Arabies Trends: the crisis at shell: May 2004
Decline and fall
The mighty Royal Dutch/Shell Group is facing an unprecedented crisis of confidence. A special report on the scandal that is shaking up the energy giant.
By ED BLANCHE BEIRUT
Philip Watts, then chief of Royal Dutch/Shell’s exploration and production department, was a big hit when he appeared on stage at a gathering of the international oil giant’s top executives in Maastricht in June 1998. Making a grand entrance wearing a silver astronaut suit and riding a mock spaceship, he declared to rapturous applause: “I have seen the future, and it’s great.” For a company that was regularly posting net profits of more than $10 billion a year, that meant fat checks for executives and investors alike.
Six years later, on March 3, 2004, Watts, by then chairman of the board, was unceremoniously booted out, along with Walter van de Vivjer, who had Watts’s old job as head of exploration and production, amid intense pressure from angry shareholders. It was the corporate world’s most serious management
Head hunting. “On the face of it,” wrote financial analyst Oliver Morgan in the Observer, “the City’s corporate assassins . . . got their biggest scalp – and in double-quick time . . . Sir Philip Watts’s unseating is spectacular because of Shell’s reputation for haughty disdain toward outside pressure.” All this caused a grievous loss of confidence in the world’s third-largest publicly traded oil company, wiped $1.5 billion-plus off its stock market value and turned the energy industry on its head.
On January 9th, Shell confessed that it had overestimated its reserves of crude oil and natural gas by more than one-fifth – the equivalent of 3.9 billion barrels. That included 1.5 billion barrels that comprised 60 percent of the company’s Nigerian reserves and others in the offshore Gorgon gas field in Australian waters. The impact of that shock disclosure, the first of its kind involving one of the world’s oil majors, was catastrophic. The company’s shares tumbled and investors went ballistic, howling for Watts’s head.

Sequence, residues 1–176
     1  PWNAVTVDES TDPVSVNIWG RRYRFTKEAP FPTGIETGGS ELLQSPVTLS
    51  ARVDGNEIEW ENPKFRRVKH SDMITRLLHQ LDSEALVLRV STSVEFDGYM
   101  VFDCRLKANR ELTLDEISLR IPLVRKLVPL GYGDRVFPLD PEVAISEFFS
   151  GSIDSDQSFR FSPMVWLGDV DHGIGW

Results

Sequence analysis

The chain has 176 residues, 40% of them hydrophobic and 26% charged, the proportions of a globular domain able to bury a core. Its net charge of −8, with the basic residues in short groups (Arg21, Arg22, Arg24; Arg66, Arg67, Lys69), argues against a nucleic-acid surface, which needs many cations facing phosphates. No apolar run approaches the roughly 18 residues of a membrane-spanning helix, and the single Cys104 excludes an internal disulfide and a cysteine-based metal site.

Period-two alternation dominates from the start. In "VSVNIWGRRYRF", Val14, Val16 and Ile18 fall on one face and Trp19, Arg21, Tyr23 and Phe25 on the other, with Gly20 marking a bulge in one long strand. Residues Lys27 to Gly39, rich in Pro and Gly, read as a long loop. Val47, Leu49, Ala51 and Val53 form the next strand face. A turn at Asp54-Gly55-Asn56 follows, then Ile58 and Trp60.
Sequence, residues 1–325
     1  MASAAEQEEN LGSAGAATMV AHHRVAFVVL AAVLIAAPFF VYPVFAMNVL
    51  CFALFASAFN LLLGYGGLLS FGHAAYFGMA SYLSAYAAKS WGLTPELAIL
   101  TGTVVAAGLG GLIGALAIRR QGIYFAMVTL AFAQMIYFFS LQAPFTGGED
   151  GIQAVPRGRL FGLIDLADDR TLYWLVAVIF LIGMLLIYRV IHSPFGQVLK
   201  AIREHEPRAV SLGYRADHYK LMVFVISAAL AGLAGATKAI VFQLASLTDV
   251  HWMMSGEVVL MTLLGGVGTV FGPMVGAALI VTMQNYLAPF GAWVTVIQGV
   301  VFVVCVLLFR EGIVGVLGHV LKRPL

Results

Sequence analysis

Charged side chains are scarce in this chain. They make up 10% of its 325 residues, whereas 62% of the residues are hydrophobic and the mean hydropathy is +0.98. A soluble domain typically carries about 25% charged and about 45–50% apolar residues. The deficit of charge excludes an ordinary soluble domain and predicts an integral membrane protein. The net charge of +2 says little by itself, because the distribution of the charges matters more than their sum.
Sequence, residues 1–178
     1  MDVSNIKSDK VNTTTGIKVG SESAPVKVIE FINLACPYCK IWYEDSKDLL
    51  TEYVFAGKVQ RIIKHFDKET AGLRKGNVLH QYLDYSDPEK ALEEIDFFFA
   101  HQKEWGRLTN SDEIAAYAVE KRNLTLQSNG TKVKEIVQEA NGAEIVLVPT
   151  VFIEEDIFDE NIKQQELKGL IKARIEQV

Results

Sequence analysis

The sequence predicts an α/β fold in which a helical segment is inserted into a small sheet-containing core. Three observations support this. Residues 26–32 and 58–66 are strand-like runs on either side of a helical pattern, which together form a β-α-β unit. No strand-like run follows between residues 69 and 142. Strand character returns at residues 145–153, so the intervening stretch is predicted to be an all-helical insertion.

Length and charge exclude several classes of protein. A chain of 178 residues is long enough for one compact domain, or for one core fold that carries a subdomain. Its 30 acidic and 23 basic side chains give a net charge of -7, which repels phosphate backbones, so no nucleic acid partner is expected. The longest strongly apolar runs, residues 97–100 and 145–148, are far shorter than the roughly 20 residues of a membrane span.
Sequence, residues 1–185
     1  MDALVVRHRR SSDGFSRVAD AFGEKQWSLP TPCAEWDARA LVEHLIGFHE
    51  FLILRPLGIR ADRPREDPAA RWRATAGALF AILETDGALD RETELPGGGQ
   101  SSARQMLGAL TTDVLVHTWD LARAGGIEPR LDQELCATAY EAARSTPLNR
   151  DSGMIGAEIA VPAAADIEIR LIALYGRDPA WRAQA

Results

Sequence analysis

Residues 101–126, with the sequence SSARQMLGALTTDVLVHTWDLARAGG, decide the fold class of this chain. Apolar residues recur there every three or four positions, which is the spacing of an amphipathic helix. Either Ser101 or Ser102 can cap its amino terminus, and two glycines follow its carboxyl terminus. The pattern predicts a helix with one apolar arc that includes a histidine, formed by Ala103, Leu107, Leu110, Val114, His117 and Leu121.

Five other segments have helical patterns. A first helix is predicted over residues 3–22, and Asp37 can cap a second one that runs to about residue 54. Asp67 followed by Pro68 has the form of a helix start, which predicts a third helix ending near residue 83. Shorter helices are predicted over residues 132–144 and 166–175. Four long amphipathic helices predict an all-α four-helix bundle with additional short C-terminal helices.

On March 18th, Royal Dutch/Shell slashed its oil and gas reserves for the second time in as many months, cutting its end of 2002 reserves by 250 million barrels and wiping a further 220 million off 2003. Most of that was in the Norwegian sector of the North Sea. That raised the total loss of reserves to more than 4 billion barrels, well and truly bringing into question its accounting standards.
Then, in April, reports began to surface about Shell’s estimates of Omani oil reserves and, in particular, the success of the company’s horizontal drilling techniques in the sultanate. It appears that, in 2000, Shell dramatically overstated the figure for proven reserves and, perhaps even more ominously, raising the question asked by the New York Times: “whether new technology can extend the life of huge but mature fields.”
Before the Oman scandal broke, van de Vivjer’s successor as head of exploration and production, Malcolm Brinded, declared that his department was determined that the group “cannot stumble again in such a manner.” But he warned that there could be further reserve shortfalls since a “fast-track review” that resulted in the second downgrade had only covered 40 percent of Royal Dutch/Shell’s assets at that point in mid-March. The company delayed publication of its annual report, due on March 18th, until late May, supposedly to give independent auditors time to complete a review of all the company’s reserves. It also took the unprecedented step of postponing its annual meeting from April to June 28th, putting off a public confrontation with its outraged shareholders.